What captivated us the most? The ability to sync with a smartphone – especially useful when there is no one at hand to take a photo, so then with help goes the phone :)
Of course, we always have some sort of compact or just a smartphone camera in reserve.
By this we mean, of course, the book version of the guide. We always use Lonely Planet, so it couldn’t be more different in this case either. Mobile versions are available, of course, but they are not the same. Almost like with a normal book, bookmarks, circling and scribbling on a map ;) Fortunately, Lonely Planet guidebooks have only practical knowledge, are lightweight (despite their sometimes sizable size) and we always find what we are looking for in them.
The trip to Iceland was our first ever to which we did not take a broken penny of local currency. As a reminder, this is the Icelandic Crown.
We did so for three reasons. First of all, card payment is so common in Iceland that not once (except for one night, payment in EUR) did we pay in cash. Not once. Even for tickets, food, or anything in the farthest corner of the island. Even in private accommodations they have payment terminals.
Assurances alone were not enough for us, it is clear – it is worth having something on hand. And here came the second reason: it’s not so easy to buy Icelandic crowns at exchange offices. Not that we tried every exchange office, but after three we were discouraged :)
Thirdly, prices in Iceland are so crazy, and the conversion rate is not very simple, that it is better not to think about how much you spent anyway, count every coin, just go crazy with your card ;)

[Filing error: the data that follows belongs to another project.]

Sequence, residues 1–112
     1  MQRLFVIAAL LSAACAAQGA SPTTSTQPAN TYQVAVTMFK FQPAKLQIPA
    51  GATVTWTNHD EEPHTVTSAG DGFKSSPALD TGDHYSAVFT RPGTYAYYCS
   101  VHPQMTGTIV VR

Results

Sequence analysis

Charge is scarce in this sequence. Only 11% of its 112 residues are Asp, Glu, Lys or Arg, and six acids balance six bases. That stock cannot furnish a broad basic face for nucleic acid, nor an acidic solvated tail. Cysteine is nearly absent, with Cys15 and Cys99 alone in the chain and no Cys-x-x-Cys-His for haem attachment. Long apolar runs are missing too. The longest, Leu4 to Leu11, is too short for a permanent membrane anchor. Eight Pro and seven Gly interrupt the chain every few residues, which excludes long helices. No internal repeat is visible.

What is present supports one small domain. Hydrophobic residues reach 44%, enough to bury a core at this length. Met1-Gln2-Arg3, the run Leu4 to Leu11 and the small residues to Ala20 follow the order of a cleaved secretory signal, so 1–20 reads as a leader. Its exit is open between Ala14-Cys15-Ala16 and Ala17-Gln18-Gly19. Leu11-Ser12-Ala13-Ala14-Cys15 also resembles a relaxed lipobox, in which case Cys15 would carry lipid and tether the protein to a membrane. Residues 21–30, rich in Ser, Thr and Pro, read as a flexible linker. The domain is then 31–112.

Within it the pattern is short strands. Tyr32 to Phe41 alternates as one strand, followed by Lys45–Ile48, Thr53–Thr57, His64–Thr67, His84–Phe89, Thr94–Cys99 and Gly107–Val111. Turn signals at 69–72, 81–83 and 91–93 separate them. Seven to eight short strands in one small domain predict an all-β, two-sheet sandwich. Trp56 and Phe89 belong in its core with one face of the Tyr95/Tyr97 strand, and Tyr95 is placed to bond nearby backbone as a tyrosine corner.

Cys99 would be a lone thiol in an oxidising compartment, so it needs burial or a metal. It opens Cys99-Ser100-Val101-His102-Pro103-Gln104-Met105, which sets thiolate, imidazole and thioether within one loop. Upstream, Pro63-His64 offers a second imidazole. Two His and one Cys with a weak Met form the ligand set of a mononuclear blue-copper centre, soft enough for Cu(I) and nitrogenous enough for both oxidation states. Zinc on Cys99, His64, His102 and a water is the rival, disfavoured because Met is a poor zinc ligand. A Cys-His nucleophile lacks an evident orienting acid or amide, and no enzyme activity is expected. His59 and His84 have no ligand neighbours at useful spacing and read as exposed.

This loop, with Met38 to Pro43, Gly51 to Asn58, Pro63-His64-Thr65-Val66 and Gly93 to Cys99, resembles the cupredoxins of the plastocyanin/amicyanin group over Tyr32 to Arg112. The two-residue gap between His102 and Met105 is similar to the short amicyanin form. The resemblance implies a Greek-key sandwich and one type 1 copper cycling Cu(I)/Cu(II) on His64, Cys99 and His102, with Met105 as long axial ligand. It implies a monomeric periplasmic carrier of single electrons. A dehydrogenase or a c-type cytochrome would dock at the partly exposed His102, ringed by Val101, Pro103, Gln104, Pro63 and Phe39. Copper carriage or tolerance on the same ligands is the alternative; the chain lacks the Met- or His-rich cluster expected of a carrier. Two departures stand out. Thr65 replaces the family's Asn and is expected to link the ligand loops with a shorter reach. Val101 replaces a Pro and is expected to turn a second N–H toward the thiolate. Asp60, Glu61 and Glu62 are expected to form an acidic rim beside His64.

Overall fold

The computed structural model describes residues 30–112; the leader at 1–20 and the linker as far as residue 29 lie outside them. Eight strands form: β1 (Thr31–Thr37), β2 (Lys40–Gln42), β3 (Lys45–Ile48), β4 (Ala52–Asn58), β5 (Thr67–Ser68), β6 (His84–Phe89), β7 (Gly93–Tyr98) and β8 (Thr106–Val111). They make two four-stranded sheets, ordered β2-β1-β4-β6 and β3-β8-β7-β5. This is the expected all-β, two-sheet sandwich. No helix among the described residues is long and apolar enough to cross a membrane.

So we paid for all expenses with a currency card in EUR, which we also recommend to you. That’s just the most convenient way :)
What else is worth remembering?
The above points are such Top 5 essentials to take and/or organize when visiting Iceland. What else is worth remembering?
Lots of memory cards – for the camera, for a mega amount of photos. We took them including videos almost 19 GB (more than 4,000 photos + a dozen videos).
Thermos – warm tea for all-day travel always comes in handy, especially in Iceland :)
Music – it’s an integral part of traveling by car. Usually local stations are enough for us. In Iceland, however, nothing can be picked up in a large number of places. We gloated over the silence and views, but some people may find it useful to have an extra supply of music on their Mp3/phone (check how your car can play music) or a mini speaker to plug in under any device.
First-aid kit – due to long distances. It is a good idea to carry basic medicines and first aid kit equipment with you. Just in case.
Swimsuits – not an obvious thing when thinking about going to Iceland, yet it comes in handy! In fact, we were more likely to jump into a bathing suit here than on some of our trips to warm countries. We wrote about the pools here.
Did we forget something? Anything else worth taking with you on an Iceland trip?
Let us know in the comments! :)
And be sure to also see our recap: